Tom Harwood Can Save the NUS | Daniel Clark



The NUS is drowning in an ocean of its own bile. This week – as its annual conference began to get under way – the Independent reported on a deep problem of anti-Semitism right at the heart of its organisation. It was revealed that one current member of the National Executive Committee shared a video mocking Jews as having big noses, and being ‘tight with money’. Another, who seeks a position on the union’s executive, wrote a Twitter message that was derogatory to Jewish people, which was topped off with ‘#heilhitler’.

This is not the first time that the NUS has become embroiled in anti-Semitic related scandal. Readers may recall that Malia Bouattia, the NUS President (at the time of writing), was accused of ‘outright racism’ by the Home Affairs Select Committee for her remark that the University of Birmingham was ‘something of a Zionist outpost in British Higher Education’. There are intrinsic problems with the NUS, and anti-Semitism is not the only way it flashes its credentials of intolerance.

In 2014, the NUS Executive Committee rejected a motion to condemn Islamic State because certain members ‘felt that the wording of the motion being presented would unfairly demonise all Muslims’. The supreme irony of this is that they did not hesitate to condemn UKIP, whilst also voting in favour of boycotting Israel. To display their skewed priorities further, Malia Bouattia wrote a letter containing a brief tribute to the victims of the Westminster attack (with the notable exception of PC Keith Palmer.) This then proceeded to become a call for students to ‘be aware of the concerns of Muslim, migrant and racialised students.’ You really could not make this up.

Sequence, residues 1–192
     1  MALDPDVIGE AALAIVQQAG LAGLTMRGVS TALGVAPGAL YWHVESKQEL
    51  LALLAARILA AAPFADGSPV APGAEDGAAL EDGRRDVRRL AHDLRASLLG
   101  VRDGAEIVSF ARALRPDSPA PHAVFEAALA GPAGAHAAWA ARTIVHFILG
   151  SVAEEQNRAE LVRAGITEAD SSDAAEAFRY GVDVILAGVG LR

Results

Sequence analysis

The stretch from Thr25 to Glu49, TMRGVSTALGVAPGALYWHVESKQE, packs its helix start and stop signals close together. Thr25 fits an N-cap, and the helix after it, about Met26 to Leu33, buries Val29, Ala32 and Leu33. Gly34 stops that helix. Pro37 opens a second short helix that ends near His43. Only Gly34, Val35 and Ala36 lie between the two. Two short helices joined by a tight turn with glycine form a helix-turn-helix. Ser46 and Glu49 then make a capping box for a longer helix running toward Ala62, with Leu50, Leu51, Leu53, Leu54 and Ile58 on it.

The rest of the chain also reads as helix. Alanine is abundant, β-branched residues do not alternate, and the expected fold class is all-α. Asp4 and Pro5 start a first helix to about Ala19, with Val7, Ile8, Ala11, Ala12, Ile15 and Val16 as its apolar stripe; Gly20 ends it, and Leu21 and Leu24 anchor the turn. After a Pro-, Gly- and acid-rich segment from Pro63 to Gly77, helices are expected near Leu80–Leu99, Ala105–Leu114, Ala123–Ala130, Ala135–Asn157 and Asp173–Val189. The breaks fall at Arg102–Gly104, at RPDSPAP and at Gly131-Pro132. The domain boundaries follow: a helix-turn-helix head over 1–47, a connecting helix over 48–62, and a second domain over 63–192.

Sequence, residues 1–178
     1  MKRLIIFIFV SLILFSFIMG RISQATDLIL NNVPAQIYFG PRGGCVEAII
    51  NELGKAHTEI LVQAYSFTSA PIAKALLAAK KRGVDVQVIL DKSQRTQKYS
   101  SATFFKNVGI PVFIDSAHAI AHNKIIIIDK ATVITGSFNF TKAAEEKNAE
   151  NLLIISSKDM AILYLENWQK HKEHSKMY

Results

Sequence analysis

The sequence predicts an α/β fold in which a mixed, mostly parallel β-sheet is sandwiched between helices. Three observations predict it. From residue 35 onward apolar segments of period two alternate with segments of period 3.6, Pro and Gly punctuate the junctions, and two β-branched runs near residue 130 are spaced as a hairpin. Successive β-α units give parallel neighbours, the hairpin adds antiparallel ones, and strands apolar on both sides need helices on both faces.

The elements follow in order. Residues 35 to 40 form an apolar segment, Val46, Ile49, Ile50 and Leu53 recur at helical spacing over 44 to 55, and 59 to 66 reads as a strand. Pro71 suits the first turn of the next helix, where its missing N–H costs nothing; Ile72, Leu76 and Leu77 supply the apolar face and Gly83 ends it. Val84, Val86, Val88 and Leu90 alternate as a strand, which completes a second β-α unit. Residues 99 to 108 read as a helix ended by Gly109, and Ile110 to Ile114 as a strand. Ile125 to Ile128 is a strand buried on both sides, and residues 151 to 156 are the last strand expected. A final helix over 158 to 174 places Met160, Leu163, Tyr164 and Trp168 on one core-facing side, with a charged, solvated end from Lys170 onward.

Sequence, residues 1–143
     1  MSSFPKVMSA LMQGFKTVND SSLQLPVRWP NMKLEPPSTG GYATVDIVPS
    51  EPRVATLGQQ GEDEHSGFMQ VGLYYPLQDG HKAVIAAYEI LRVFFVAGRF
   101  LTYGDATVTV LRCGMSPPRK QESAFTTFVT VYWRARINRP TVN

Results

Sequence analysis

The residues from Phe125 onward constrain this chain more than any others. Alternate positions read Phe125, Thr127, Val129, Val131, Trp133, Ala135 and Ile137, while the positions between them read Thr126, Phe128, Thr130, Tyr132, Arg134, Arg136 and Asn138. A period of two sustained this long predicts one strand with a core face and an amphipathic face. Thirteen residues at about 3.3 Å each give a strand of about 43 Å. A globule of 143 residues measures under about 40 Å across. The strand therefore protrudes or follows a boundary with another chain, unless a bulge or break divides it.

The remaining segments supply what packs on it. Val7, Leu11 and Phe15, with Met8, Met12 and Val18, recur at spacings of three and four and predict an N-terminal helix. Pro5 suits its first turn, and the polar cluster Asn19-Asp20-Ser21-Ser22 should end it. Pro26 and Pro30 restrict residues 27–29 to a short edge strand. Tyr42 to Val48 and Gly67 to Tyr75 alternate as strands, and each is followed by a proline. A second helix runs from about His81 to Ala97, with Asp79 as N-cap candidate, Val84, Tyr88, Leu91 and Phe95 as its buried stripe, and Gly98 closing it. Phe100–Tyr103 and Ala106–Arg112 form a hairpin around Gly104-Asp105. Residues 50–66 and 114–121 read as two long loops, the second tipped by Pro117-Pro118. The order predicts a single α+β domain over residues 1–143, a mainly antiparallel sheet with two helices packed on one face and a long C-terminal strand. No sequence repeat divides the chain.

The NUS appears to be in free-fall. Rather than focus on the concerns of the diversity of the student body, it anxiously wrings it hands over issues such as what the foreign policy of the British government should be. Instead of promoting the freedom of all of its students, the NUS instead decided to claim that gay men ‘don’t face oppression’, and (bizarrely) banned clapping.

There is an urgent need for somebody to catch this most valuable of institutions before it reaches the very bottom. With the election of the new NUS President rapidly approaching, there is one clear option as to who can achieve this: Tom Harwood. This 20-year-old Durham University student is running on the ticket of injecting ‘democracy, legitimacy, and inclusivity back into our movement.’ His plan pledges to ‘stick to campaigning on student issues’ and ‘welcome people of all opinions into our movement’, returning to the idea of the NUS being for students. He can talk the talk and, as his work with the campaign for Brexit demonstrates, he can walk the walk.

Harwood represents the rational, sensible, pragmatic face of student politics. Being an actual student, unlike the 30-year-old Malia Bouattia, means that he actually understands the concerns of the average student because he is one, and as a result can actually reasonably be felt to be representative. Refusing to take himself too seriously, his policies – such as enacting one member one vote – are interspersed with jokes (remember them?) like making Freddo’s 10p again.

At this 2017 conference, the future of the NUS is on a knife’s edge. If it re-elects Malia Bouattia, it can kiss its hopes of becoming a legitimate student movement goodbye. If it elects Tom Harwood, the NUS can start to move towards being a serious democratic organisation, and begin to – once again – make precious change. It cannot be denied that this will be a long, and difficult, path. But some things are worth fighting for.



Daniel Clark is a writer for Student Voices.  Read his articles here >
Tom Harwood Can Save the NUS | Daniel Clark Tom Harwood Can Save the NUS | Daniel Clark Reviewed by Unknown on 15:03 Rating: 5

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